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croixflats

GPS how close do you get to the origanal way point

26 posts in this topic

I'm not up to speed on the GPS. Didnt it use to be the gps would only get you close to where you wanted to go. I was wondering if they changed that now and how close you realy get to that origanal way point.

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between 12 and 30 feet most of the time. most brands tell you what the accuracy is at any given time.

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My lowrance units say I am within 11 feet of the original target. Close enough in my book.

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Thanks for the info 11 ft to 30 ft is close enough. For awhile there I think the accuracy was regulated. That was a while ago.

Even with a marker buoy it is hard to get that boat on the same spot sometimes. 11ft prety darn good

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The gov't regulates GPS so they are not as accurate. Just makes em uneasy that the public can get to within a foot or two of a waypoint!

If you pay a few grand you can get a subscription that'll get you within a meter, other than that 12-15 feet is dam good.

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GPS accuracy is a very complicated issue. Much of it depends on the current satelite coverage and the quality and age of your unit. Generally you can expect your current position to be within a few meters, but that usually doesn't matter for us fisherman. Often times we use the GPS to mark spots (way points) so that we can return to them later. This is where it gets really strange. All GPS errors can "double up" if you store a position, then attempt to relocate it later with GPS. This is because the error when a location is marked can add to GPS errors while re-locating the mark. Let's say you mark that sunken log on a particular structure. Chances are there was a small error when you pushed the waypoint button. Now, you come back the next day and try to find it using the gps. You might be 100 feet or more from it because of the variables causing today's inaccuracies. Seldom will you ever be able to exactly repeat a location, but usually you get close enough. When I mark a waypoint, I always note the depth that I am at. That way I can usually find my spot with pretty good accuracy. especially on drop offs.

I fish a pretty good sized lake and many of my spots are out in the middle of "no-where". GPS is a must for returning to the hot spots.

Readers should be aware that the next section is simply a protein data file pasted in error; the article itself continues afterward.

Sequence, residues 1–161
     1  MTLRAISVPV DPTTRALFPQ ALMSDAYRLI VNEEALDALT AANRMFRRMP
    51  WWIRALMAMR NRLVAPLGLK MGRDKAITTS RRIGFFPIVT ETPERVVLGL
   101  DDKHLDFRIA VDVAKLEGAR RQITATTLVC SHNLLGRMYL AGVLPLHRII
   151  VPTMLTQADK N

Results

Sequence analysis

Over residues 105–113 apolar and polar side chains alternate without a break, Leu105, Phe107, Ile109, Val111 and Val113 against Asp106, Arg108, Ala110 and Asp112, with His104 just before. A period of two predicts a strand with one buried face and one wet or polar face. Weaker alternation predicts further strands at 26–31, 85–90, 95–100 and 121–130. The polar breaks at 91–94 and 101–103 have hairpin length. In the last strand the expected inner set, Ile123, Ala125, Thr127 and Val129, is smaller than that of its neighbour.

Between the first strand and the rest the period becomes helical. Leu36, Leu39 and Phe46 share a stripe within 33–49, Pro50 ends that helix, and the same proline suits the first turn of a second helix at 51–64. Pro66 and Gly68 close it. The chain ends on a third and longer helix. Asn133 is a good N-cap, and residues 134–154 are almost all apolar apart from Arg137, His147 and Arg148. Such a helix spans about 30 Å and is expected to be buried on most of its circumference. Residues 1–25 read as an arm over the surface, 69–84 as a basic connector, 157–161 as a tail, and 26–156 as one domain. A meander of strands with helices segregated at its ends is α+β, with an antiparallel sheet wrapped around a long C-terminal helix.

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Good post Maverick. Many people think their GPS is dead-on.

You will find your GPS is also more accurate at certain times then others.

Another issue is if you are using a hand held unit, like a H2Oc with a Navionics chip, you can only zoom in to 1/8 mile. Not very detailed at that range.

Still, I never fish with out one any more. Second best electronic tool to have in the boat besides the locator.

- Wish

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Thanks Wish,

A fun thing you can try with a hand held is to go to the middle of your yard that is pretty much unobstructed to the sky. Set down a pail or something that will not move. While sitting on the pail punch in a waypoint. Now wait an hour or two and go back to the area. Walk with you GPS until it shows the exact longitude and latitude that your waypoint indicates. Note how far from the pail you are and that will start to give you an idea of the accuracy. Do it a number of times and you will see that different times of the day and other things that effect the view to the sky will impact the accuracy. You could even plot it out on graph paper, but now we are getting a little obsessed with the whole thing.

I agree, I never fish without one either. Recently my Lowrance 3500c stopped working. I immediately mounted my hand held in the boat until I could get the Lowarance replaced.

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I have found that having 2 gps plotters with my waypoints marked is very accurate.Puts me right on top of a few narrow sand bars every time.

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I've used mine aginst others geocaching,Mine is a 1995 model always within 10 ft or less.When I get coords from someone I get right on spot.My full zoom is 100 ft,A new h2o is 1/8 mile??? 660ft?? thats a reason to keep my Magellan Meridian.

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It may only allow you to zoom down so far, but the GPS will show your distance in feet from the waypoint so the zoom factor really isn't an issue.

Using the digital readout is the best way to get right back to your mark, since trying to put a fat cursor on a fat waypoint icon is hardly ideal.

Saying that you're within 10' isn't quite accurate. My H2O will say the same thing when I'm approaching a waypoint, but with the GPS error you're actually still 15' or more from that mark in any given direction. I'm guessing that a circa 1995 model doesn't have WAAS, so it's pretty safe to say it's expected position error is much greater than that. My first GPS unit was slightly newer than that and was lucky if it was 40' on the best days. I suppose that it is possible that the error of the geocache waypoint may have canceled the error of the hand held and just got lucky.